There’s a funny story in the paper today: My husband has been traveling overseas on business at least once a month for the past few years. His passport became so heavily stamped that he was forced to apply for a passport with extra visa pages.
It’s report card time. The results of two annual studies on airline satisfaction – Consumer Reports and J.D. Power – have been released this week. It’s not like our experienced FlyerTalk community doesn’t have its own research and opinions, but let’s take a look.
But let me ask you this: is price the ultimate determiner of what airline most people fly? Let’s assume comparable safety records and forget loyalty programs. (FlyerTalk forget loyalty programs? Brian Cohen is now dialing my number.)
Sinan Unur was one of 31 passengers and three crew on US Airways Express Flight 4560, a Dash 8-100 turboprop operated by Piedmont Airlines that belly landed at Newark International. So what’s the takeaway Sinan: “It renewed my confidence in aviation.”
Tablets. Smartphones. eReaders. Laptops. The debate about using electronic devices on aircraft is back in the news. But there isn’t any new data. The reports circle the minefield without ever crossing the perimeter.
Southwest Airlines, the largest domestic carrier in the U.S. and the only consistently profitable airline, is in the news this week. Boeing and Southwest Airlines are launching the 737 MAX 7, the third sibling of the 737 MAX family.
I ought to spare us both 385 words and suggest you go straight to the YouTube video of Commander Chris Hadfield and his acoustic guitar on the International Space Station (ISS). The stars up there are going to look different.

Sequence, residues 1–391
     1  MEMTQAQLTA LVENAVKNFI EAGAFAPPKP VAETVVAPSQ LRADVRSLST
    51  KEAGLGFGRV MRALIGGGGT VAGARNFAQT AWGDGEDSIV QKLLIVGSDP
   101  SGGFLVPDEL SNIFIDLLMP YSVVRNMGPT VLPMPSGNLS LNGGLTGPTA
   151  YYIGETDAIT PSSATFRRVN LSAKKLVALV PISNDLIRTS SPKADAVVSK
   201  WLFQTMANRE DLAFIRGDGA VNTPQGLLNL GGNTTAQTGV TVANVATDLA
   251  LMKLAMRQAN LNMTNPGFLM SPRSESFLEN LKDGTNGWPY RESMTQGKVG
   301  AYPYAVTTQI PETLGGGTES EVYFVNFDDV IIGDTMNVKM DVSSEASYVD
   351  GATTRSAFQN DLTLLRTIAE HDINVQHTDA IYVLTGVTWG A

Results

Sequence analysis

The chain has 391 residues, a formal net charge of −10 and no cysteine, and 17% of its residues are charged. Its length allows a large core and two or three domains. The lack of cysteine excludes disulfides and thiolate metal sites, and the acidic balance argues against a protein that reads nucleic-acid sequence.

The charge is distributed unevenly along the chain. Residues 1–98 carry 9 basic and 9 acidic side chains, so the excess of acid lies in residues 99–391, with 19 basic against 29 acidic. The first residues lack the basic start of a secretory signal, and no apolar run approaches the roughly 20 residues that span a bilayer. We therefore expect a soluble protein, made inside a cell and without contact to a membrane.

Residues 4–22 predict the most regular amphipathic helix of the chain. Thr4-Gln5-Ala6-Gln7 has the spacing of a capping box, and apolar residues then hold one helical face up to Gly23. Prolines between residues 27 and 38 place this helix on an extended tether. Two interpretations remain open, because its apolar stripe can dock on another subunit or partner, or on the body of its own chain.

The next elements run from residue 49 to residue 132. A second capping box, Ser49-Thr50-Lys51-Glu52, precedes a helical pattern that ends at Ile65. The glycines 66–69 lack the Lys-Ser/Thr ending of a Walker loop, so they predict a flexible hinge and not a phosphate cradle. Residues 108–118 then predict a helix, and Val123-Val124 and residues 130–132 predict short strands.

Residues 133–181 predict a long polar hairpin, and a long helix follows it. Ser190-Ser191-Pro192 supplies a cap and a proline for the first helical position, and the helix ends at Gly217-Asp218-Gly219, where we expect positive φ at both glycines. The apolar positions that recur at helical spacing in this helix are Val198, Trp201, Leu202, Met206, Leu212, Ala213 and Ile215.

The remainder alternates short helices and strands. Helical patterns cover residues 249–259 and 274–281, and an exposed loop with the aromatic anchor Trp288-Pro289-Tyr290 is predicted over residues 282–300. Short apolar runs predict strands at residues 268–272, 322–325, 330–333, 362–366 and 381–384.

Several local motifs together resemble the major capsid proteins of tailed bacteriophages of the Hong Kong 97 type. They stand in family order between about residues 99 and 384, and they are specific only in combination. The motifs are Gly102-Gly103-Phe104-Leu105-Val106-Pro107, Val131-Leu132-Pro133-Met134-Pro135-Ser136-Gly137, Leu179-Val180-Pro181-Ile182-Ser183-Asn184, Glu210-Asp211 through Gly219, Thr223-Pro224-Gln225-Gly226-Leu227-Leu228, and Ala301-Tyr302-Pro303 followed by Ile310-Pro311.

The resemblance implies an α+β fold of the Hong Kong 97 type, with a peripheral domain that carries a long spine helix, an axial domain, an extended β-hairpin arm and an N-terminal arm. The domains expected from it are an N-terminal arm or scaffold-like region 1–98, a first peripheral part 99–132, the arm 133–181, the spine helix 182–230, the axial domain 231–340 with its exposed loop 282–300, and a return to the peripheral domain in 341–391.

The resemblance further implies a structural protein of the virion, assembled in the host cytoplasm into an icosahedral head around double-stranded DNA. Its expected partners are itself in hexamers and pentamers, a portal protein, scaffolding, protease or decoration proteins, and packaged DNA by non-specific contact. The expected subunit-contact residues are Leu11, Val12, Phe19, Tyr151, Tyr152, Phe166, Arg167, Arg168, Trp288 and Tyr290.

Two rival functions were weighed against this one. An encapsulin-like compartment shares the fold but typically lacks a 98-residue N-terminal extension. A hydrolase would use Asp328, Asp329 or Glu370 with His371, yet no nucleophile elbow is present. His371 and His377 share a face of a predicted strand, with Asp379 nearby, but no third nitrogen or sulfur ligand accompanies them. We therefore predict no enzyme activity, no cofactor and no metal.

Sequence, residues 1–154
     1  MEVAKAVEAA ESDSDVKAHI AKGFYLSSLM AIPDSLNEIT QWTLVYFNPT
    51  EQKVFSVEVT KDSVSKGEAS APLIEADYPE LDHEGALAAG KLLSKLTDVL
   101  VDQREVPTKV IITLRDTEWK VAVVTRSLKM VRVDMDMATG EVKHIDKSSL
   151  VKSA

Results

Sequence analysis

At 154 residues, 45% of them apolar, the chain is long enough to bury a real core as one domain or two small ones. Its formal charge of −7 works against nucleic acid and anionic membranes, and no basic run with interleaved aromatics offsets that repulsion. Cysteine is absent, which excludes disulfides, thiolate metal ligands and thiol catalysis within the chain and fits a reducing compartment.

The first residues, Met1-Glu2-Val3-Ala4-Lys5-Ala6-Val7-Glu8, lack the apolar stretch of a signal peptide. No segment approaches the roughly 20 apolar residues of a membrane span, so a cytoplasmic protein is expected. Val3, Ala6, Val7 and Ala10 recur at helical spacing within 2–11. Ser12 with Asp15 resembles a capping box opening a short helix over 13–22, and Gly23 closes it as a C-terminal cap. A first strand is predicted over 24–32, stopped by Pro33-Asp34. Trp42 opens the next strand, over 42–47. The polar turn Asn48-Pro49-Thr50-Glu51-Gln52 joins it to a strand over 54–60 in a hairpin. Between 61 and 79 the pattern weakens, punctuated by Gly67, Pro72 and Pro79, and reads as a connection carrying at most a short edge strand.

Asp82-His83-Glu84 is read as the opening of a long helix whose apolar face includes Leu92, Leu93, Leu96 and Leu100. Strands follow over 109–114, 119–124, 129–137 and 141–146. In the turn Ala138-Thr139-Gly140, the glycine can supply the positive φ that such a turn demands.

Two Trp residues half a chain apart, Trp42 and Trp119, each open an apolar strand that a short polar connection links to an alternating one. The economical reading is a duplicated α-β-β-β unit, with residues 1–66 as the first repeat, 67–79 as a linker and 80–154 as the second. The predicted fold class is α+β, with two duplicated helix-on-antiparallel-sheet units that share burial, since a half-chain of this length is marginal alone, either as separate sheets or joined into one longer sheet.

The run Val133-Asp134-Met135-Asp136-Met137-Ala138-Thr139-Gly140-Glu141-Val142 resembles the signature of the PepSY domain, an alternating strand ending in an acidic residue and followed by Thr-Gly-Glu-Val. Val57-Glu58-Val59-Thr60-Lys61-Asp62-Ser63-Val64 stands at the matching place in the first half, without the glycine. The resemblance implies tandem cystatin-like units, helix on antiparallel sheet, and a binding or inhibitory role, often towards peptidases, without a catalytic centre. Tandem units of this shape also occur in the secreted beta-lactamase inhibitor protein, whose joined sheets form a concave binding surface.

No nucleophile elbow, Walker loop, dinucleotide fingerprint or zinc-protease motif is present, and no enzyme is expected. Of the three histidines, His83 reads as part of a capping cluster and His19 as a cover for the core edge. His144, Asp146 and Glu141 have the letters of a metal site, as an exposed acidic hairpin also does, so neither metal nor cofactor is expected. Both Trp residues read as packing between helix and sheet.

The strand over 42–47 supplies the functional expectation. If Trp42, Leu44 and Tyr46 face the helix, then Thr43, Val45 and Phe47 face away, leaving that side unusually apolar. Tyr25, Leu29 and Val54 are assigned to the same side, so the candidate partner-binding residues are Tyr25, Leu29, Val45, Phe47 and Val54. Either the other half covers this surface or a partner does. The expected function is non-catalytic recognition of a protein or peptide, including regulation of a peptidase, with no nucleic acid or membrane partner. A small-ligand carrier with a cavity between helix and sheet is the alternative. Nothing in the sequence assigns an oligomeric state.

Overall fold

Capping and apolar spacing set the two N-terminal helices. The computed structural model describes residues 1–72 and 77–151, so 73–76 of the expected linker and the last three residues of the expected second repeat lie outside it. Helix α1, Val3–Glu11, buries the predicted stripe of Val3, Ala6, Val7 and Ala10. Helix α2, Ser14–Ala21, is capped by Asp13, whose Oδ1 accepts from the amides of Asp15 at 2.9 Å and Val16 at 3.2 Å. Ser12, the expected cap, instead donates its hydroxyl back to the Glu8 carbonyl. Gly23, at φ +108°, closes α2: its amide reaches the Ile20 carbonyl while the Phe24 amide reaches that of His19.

If I could do it all over, I’d do it with a bad limp. During summer breaks in college I worked as a tour guide driving a Bombardier snowmobile at the Columbia Icefields in Banff National Park. Minimum wage and tips is what I got. And you know the difference between a Canadian and a canoe – a canoe tips.
“Use common sense when traveling,” said Laurie Simmons, a retired cop who spent 20 years with the Australian Federal Police and now volunteers with the ‘Tourist Police’ in Chiang Mai, Thailand. Suicides, bar brawls and road accidents are what he specializes in.
True to his word after losing a bet to AirAsia CEO Tony Fernandes, Sir Richard Branson, founder and chairman of Virgin Group, yesterday worked as a ‘trolley dolly’ on AirAsia’s inaugural Perth to Kuala Lumpur flight.